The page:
Why does pressure in a liquid not depend on the volume?
Don’t include equations/ proofs in your answer, I want to know why does it physically/qualitatively make sense that the pressure in a liquid does not depend on the volume.
in progress 0General Physics 5 years 1 Answer 830 views 0
Answer ( 1 )
Pressure is measured as force per unit area.
Working on an open tank of some height for simplicity:
The pressure in a liquid is in effect purely down to that in a column with a cross-section the size of the measuring unit – eg. one square centimetre or one square inch etc.
The force in ever other hypothetical “column” of that size in the tank is being applied to something other than the one you are measuring, so is irrelevant.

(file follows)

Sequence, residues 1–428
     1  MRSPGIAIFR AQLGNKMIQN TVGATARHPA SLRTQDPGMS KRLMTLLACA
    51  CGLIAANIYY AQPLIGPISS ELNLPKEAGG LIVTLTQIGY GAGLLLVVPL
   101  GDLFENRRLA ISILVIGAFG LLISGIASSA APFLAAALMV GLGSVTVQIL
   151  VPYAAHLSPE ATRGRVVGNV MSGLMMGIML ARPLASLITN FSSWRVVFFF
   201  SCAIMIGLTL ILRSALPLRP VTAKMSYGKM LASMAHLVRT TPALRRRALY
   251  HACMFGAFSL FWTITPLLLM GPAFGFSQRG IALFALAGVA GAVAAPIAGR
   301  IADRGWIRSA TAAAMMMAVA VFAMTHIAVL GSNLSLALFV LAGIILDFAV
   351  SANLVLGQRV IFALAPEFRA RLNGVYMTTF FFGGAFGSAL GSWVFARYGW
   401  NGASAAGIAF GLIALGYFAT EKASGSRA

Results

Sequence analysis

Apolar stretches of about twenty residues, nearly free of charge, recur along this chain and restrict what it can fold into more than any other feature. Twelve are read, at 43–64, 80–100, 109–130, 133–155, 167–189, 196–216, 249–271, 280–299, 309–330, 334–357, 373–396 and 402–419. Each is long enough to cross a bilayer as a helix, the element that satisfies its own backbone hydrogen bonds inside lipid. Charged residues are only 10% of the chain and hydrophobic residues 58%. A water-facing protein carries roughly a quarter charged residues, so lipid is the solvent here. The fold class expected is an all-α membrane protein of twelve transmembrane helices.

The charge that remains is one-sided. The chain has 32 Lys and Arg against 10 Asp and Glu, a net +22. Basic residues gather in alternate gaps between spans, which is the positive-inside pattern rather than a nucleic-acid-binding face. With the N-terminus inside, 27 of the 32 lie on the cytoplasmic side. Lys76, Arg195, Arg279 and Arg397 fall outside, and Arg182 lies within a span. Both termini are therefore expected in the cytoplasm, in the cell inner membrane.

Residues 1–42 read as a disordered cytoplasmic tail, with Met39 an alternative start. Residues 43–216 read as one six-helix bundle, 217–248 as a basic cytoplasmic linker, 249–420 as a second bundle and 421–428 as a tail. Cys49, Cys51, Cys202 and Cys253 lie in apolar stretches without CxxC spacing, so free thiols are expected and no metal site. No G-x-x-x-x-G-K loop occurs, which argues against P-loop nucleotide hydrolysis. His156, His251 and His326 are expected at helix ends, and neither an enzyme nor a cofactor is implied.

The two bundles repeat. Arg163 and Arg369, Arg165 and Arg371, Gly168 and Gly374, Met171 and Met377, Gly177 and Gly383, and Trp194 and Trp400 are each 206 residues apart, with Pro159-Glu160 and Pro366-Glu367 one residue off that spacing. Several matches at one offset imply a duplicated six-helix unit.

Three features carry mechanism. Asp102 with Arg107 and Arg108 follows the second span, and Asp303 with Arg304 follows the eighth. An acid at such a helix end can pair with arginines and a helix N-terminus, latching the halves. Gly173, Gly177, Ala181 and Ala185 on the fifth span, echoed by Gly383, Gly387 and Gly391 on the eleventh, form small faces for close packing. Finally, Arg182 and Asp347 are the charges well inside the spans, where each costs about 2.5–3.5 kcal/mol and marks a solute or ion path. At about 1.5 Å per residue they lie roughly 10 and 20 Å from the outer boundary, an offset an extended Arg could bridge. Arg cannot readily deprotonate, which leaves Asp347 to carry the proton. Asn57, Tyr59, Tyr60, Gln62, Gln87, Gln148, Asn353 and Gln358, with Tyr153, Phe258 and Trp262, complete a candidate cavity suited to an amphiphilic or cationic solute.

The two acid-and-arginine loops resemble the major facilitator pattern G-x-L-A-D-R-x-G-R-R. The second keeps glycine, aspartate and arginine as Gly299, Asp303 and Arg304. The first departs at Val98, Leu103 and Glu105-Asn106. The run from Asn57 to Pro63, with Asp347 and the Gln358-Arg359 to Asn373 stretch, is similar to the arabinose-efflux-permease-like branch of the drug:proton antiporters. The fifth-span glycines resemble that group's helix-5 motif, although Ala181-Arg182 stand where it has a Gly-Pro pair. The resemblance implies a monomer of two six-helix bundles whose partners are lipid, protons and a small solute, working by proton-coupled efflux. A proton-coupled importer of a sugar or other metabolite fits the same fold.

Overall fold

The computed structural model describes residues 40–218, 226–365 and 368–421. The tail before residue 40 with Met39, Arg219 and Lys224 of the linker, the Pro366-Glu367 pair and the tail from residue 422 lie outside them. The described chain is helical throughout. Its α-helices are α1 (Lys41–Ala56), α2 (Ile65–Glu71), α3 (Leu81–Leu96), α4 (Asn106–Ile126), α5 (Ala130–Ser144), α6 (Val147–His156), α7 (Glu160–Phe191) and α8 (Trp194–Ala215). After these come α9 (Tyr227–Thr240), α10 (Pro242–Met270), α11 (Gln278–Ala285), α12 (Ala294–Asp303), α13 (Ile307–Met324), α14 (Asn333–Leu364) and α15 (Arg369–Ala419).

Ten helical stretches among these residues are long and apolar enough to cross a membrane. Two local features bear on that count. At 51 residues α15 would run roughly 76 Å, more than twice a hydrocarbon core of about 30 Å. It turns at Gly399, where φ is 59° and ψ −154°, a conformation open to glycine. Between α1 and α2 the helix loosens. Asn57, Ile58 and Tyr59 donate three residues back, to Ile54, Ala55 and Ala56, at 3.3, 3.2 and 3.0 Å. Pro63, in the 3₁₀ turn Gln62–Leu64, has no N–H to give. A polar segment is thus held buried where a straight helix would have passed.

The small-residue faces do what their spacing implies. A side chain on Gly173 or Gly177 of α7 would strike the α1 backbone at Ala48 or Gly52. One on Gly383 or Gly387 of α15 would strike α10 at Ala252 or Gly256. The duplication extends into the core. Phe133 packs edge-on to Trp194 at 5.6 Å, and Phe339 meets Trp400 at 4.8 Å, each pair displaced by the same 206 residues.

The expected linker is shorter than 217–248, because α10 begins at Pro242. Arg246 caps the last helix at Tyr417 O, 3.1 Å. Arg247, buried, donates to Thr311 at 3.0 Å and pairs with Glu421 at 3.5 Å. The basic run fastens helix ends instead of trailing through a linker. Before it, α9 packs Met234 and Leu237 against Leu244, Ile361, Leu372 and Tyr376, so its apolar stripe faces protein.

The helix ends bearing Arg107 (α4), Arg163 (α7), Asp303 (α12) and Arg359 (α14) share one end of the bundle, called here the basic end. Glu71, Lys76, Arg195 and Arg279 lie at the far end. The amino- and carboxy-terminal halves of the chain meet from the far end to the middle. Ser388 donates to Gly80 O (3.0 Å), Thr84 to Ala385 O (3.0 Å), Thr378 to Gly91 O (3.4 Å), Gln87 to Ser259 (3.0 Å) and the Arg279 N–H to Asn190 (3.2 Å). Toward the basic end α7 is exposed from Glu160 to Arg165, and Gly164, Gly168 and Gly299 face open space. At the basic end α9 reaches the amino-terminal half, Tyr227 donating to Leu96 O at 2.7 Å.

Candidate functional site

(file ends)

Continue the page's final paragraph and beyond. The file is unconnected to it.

The tank could be an inch across or a mile across, the mass – weight – force on the column you are measuring is the same regardless.
As an example, imagine a tankful of piles of discs, all stacks the same height (eg. stacks of identical coins or washers).
If does not matter how many stacks there are, one or a million – the weight of one stack (and so force per unit area) is proportional to the height of the stack, not how many others there are.